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Appalachian Trail – Punchbowl Mountain to the James River

June 12, 2015

This 11-mile Appalachian Trail stretch had spectacular views of the valley and the James River!

View the Full Album of Photos From This Hike

View From Bluff Mountain

Adam takes in the view from Bluff Mountain. Below: The pond at Punchbowl Mountain Shelter; The shelter itself has seen better days; The Ottie Cline Memorial – put it place for a child lost in the mountains in the late 1800s.

Pond at Punchbowl Shelter Punchbowl Shelter Ottie Cline Memorial

Christine Says…

When Adam and I first started hiking sections of the Appalachian Trail, we focused on the trail through Shenandoah National Park.  The park is close to our home, making it easy for us to bring two cars for a shuttle.  We did short sections – most of our day hikes ranged from 6 to 8 miles.  We did a couple sections as overnights, covering 10-12 miles total over two days.  When we first started, those hikes really challenged me – but they also made me want more!

We’re now traveling further from home to complete sections, so we push to complete bigger miles to make the travel time more worthwhile.  We’ve also found friends and businesses to help us shuttle along the way.

We met Lynchburg friends, Dennis and Tina to do this AT section from Punchbowl Mountain down to the James River.  We’d never met them in person, but we’d chatted online about hiking and the Appalachian Trail for almost a year.  We were really thankful for their good company on this hike!

We met early Saturday morning at the Foot Footbridge across the James River.  ‘Foot Footbridge’ isn’t a typo.  The bridge is named after hiking enthusiast, Bill Foot, who worked tirelessly (while also fighting cancer) to see that the bridge was built.   It’s a beautiful and impressive bridge across the James River, and there is nothing else like it along the Appalachian Trail.

After Adam and I got acquainted with Dennis and Tina in the parking lot, we hopped in our car and made our way along the Blue Ridge Parkway to our start point – the Punchbowl Mountain Overlook.  We left off here last fall after completing a 17 mile section from Hog Camp Gap.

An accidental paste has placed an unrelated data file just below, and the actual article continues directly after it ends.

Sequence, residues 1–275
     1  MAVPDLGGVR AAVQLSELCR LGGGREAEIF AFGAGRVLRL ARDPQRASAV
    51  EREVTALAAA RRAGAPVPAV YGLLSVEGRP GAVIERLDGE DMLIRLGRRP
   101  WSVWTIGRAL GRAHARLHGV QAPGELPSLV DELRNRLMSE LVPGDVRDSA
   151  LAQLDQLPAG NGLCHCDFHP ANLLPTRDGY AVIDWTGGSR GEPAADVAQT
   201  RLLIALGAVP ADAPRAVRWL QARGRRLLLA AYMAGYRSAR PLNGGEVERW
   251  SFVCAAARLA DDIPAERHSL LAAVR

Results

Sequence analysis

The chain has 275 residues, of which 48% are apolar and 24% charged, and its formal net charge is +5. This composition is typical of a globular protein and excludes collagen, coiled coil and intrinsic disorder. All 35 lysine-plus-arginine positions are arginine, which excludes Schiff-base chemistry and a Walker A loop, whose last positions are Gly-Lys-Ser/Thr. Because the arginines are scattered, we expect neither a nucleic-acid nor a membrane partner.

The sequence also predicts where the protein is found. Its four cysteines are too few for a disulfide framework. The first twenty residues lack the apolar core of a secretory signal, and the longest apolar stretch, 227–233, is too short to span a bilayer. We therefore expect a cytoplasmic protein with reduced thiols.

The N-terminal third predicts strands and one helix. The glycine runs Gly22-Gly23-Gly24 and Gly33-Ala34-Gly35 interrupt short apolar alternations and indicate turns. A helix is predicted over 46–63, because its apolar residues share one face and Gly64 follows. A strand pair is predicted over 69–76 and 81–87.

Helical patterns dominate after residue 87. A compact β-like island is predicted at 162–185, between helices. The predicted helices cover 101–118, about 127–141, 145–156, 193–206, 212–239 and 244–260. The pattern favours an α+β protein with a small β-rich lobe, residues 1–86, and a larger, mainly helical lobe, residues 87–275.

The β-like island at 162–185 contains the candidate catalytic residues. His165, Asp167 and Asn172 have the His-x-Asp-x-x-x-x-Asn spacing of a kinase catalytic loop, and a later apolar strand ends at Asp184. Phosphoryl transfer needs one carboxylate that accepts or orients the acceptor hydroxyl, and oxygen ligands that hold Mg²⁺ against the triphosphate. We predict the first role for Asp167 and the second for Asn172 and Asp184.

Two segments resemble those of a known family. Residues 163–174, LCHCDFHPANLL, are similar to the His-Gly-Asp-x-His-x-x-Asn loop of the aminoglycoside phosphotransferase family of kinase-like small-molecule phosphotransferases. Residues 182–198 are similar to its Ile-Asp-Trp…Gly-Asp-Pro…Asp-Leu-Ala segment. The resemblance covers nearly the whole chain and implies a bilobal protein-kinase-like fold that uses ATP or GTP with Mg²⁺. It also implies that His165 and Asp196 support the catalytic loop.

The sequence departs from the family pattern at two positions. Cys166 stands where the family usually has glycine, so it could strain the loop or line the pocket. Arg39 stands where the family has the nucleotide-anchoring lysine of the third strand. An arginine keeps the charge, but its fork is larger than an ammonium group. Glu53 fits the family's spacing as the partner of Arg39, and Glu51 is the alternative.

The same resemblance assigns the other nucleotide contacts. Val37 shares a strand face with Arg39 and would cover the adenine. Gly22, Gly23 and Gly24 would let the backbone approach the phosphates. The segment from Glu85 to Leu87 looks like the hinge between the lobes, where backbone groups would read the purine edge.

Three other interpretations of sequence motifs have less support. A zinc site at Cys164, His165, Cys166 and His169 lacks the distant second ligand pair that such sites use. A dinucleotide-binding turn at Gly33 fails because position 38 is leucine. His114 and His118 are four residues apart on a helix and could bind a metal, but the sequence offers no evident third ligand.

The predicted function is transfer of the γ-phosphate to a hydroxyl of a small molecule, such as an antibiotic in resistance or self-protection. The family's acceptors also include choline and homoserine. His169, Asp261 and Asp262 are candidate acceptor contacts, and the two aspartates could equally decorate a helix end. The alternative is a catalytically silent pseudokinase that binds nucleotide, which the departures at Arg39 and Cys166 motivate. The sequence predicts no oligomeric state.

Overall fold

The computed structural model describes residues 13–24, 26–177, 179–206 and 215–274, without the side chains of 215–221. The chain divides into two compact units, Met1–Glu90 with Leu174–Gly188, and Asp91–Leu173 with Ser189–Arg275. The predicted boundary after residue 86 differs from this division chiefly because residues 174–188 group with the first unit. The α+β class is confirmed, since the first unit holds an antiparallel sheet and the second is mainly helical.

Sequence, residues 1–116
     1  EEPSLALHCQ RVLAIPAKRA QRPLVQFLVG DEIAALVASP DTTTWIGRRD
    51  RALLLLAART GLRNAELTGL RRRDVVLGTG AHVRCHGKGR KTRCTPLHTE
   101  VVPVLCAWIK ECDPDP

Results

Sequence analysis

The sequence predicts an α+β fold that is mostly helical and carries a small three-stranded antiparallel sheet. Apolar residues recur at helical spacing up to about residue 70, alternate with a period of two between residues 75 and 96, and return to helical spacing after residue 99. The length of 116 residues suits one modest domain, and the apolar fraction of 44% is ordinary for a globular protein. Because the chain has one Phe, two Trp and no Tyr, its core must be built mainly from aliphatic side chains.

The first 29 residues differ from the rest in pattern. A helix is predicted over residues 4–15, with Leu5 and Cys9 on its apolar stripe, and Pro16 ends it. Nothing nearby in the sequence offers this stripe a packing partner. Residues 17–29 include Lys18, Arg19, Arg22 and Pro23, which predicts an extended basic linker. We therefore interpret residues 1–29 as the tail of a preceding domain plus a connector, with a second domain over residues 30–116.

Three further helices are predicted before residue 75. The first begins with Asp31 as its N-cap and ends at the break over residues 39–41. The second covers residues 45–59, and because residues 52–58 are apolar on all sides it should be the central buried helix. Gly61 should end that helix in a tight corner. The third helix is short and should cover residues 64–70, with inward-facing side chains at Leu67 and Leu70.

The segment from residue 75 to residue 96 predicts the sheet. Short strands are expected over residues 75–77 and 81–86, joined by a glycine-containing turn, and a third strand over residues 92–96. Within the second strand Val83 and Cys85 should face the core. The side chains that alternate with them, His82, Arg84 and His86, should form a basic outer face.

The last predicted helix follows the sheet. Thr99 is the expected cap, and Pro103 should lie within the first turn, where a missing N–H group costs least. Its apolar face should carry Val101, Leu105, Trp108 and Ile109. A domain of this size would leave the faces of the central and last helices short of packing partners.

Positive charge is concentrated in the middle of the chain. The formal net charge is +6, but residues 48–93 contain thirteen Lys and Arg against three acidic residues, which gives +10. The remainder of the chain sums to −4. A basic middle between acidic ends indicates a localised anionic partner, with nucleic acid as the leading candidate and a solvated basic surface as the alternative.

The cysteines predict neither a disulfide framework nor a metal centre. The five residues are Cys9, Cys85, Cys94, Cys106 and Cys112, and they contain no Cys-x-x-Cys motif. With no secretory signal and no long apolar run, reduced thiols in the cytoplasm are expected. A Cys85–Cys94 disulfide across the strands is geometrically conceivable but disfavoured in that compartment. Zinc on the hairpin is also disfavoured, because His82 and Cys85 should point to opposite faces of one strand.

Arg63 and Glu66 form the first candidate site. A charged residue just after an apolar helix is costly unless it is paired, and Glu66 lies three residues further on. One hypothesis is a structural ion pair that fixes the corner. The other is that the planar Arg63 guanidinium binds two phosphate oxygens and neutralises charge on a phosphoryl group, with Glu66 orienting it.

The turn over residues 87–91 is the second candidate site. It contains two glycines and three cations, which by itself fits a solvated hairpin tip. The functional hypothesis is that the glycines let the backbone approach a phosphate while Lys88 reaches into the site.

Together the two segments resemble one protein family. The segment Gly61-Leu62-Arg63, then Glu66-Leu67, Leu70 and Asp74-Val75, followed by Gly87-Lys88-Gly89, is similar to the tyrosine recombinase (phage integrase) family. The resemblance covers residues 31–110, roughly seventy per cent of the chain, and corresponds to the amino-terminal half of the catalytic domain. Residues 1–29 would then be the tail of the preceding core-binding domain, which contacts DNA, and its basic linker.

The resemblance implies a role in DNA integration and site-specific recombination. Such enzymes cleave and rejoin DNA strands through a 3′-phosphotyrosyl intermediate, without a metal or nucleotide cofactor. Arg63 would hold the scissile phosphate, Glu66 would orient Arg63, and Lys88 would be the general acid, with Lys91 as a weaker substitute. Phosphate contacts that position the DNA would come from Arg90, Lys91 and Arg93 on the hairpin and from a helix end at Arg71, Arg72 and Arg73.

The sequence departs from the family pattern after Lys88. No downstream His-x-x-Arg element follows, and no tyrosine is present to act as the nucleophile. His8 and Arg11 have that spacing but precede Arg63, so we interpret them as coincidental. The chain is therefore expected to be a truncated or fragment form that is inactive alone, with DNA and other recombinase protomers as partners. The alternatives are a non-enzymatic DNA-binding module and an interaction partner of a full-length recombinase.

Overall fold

The morning began with our only significant climb of the day- about 1400 feet over two miles to the summit of Bluff Mountain.  About half a mile into our ascent, we detoured to visit the Punch Bowl Shelter. The shelter is a little bit run down and sits next to a murky, muddy, mosquito-haven of a pond.   The shelters to the north and south of Punch Bowl (Brown Mountain Creek and Johns Hollow) are both much nicer places to stay the night.

Dwarf Irises

The wildflower display was in full force when we hiked this section of trail.  We saw dwarf irises, pink lady’s slippers; native pinxter azaleas, wild geraniums, rhododendron, mountain laurel; wild bleeding hearts; scarlet flycatch (in the full album), and spiderwort (in the full album).  It was gorgeous!

Lady's Slipper Pinxter Azalea Wild Geranium
Catawba Rhododendron Mountain Laurel Wild Bleeding Hearts

After our short stop, we continued our climb to the spectacular open top of Bluff Mountain.  We were swarmed by no-see-ums and gnats, but we still enjoyed the (almost) 360 views and watching the morning fog burn off the valley.  The remains of a fire tower foundation still sit on the summit. Immediately upon leaving the summit, we stopped at the Ottie Cline Powell memorial.  The marker tells the sad tale of a little 4-year old boy lost in the mountains in 1891.

From there, we had four miles of gentle downhill or practically flat ridge walking.  It was delightful!  Wildflowers were blooming like crazy! The woods smelled fresh, green, and earthy.  Even though it was a warm, humid day, the cool mountain breezes made for perfect hiking weather.  Along the ridge, we passed junctions with a couple trails – Saltlog Gap and Saddle Gap. I’ve heard these trails are pretty overgrown and don’t know much about them.   From there, we enjoyed several great views along the ridge.  The views far exceeded my expectations for hike, and I really enjoyed the bird’s eye view of the James River.   About 7 miles into the hike, we passed the junction with the Little Rocky Row trail, and reached Fuller Rocks – another lovely view point.

After that view, we descended the mountain along 21 switchbacks.  At first the descent was pretty steep, but eventually it moderated and entered a stand of enormous old trees.  Dennis even took the time to hug a couple of them.

At 9.2 miles, we took the short side trail to visit Johns Hollow Shelter.  The camp is located in a peaceful, open spot in the woods.  The shelter is typical, but the tent area behind the shelter is especially nice.  There was lots of flat, grassy space to pitch

Hiking Along the Appalachian Trail

Walking along the trail lined with yellow flowers. Below: Everything was turning brilliant spring green,  Views from the ridge; Descending toward the James River.